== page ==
Legal Memorandum: Third-party Beneficiary of a Warranty

Issue: Whether a person could be considered a third-party beneficiary of a warranty under Virgin Islands law.

Area of Law: UCC & Secured Transactions
Keywords: Third-party beneficiary; A seller's warranty; Privity requirement
Jurisdiction: Virgin Islands
Cited Cases: 893 F.2d 195; 358 N.W.2d 233; 91 F.3d 242; 331 F. Supp. 960
Cited Statutes: 11A V.I.C. § 2-318; UCC § 2-318
Date: 12/01/2006

  Virgin Islands has adopted the section of the UCC applicable to determining whether a third party may recover on an express or implied warranty. 

A seller’s warranty whether express or implied extends to any person who may reasonably be expected to use, consume or be affected by the goods and who is injured in person by breach of the warranty.  A seller may not exclude or limit the operation of this section with respect to injury to the person of an individual to whom the warranty extends, but an exclusion, modification, or limitation of the warranty, including any with respect to rights and remedies, effective against the buyer is also effective against the beneficiary designated under this section.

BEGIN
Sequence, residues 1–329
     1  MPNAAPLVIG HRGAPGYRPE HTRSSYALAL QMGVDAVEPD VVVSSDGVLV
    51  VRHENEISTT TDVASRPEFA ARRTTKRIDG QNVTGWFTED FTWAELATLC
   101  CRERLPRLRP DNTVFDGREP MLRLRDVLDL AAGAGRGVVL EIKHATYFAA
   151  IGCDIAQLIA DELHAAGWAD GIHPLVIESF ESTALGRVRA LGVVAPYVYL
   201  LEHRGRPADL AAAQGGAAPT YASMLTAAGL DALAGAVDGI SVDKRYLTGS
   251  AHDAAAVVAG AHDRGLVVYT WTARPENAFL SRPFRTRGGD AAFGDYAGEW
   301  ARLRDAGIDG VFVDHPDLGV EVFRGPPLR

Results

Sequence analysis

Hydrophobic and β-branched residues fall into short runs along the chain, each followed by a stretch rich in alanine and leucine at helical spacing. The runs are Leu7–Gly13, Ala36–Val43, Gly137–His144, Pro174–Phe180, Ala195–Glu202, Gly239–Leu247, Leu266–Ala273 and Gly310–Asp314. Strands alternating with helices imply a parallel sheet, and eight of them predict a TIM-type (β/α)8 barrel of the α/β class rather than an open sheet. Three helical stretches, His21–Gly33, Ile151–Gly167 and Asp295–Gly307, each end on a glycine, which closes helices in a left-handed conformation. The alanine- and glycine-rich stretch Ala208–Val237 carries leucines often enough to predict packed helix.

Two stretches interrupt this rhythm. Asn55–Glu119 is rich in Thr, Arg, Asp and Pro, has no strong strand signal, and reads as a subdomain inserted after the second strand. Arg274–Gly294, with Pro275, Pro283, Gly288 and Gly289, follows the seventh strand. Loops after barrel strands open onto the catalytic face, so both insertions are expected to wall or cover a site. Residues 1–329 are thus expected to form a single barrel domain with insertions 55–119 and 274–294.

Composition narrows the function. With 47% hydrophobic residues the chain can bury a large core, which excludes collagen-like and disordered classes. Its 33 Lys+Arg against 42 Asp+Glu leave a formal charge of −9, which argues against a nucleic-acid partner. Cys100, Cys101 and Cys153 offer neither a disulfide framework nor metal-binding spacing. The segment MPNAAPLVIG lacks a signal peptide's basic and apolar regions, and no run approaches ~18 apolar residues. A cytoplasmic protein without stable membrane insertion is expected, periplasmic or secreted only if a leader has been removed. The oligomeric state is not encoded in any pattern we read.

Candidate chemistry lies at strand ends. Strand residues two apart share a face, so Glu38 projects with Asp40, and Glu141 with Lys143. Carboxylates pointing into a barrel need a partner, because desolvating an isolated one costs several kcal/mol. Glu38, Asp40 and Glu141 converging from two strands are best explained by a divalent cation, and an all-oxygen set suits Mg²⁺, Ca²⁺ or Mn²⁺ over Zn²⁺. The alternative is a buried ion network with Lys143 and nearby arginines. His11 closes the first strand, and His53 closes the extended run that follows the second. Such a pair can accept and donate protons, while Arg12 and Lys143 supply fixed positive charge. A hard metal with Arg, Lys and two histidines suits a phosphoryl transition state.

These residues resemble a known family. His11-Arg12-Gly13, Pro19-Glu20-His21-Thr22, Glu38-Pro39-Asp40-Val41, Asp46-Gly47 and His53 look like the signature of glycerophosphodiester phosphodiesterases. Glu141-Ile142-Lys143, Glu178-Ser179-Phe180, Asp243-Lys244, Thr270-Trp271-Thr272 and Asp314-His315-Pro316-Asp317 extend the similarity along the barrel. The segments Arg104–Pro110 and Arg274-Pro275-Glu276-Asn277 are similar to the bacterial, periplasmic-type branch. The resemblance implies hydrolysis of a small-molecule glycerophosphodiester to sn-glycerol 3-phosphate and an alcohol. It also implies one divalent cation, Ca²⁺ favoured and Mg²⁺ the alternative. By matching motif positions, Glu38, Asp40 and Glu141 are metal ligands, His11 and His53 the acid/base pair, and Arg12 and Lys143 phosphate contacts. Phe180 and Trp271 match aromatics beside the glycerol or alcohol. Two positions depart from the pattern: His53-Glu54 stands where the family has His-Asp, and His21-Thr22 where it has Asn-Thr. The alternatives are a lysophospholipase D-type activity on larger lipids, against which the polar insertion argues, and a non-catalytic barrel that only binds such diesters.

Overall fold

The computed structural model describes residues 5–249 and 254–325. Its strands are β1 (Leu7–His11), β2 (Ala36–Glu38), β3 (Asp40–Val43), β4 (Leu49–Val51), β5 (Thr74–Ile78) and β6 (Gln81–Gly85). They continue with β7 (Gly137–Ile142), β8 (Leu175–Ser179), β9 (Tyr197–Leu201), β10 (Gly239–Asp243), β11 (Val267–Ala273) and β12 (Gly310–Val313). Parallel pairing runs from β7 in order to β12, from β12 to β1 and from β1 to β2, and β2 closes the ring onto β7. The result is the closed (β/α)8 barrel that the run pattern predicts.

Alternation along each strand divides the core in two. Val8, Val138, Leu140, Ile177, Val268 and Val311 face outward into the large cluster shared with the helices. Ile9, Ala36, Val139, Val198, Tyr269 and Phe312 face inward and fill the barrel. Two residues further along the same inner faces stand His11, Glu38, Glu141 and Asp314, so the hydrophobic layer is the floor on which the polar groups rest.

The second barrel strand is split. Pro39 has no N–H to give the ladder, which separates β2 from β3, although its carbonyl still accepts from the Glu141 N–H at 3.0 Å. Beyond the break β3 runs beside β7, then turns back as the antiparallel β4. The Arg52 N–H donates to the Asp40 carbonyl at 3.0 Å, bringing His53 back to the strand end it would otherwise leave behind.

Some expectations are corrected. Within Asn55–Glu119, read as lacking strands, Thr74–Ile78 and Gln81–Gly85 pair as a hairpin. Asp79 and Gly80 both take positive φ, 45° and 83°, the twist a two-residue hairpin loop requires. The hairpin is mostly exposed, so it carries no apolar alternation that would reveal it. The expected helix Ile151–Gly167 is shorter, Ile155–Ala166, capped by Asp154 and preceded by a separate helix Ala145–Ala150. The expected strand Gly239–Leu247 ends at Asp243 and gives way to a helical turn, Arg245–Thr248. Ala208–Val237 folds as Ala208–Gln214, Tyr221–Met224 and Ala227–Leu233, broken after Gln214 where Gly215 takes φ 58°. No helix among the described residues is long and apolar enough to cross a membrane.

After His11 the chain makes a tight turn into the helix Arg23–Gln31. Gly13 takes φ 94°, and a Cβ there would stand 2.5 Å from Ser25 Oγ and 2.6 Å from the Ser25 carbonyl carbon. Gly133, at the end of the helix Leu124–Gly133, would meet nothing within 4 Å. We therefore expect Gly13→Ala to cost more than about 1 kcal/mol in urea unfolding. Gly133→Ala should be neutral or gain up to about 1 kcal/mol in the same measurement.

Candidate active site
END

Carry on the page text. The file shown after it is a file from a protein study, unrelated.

11A V.I.C. § 2-318.  Unfortunately, no Virgin Islands law construing this section was located.  However, law of other jurisdictions, including law from Virgin Islands sister jurisdictions in the Third Circuit, is instructive.

Cundy v. Int’l Trencher Serv., Inc., 358 N.W.2d 233, 240 (S.D. 1984).  In other words, under UCC § 2-318, the seller’s warranty extends to third persons.  Id. at 240.  Under the version of UCC § 2-318 adopted in Maine, almost identical to that adopted in the Virgin Islands, suits by a “person whom the manufacturer, seller or supplier might reasonably have expected to use, consume or be affected by the goods,” 11A V.I.C. § 2-318, are allowed against a remote seller such as CCP, Sullivan v. Young Bros. & […]

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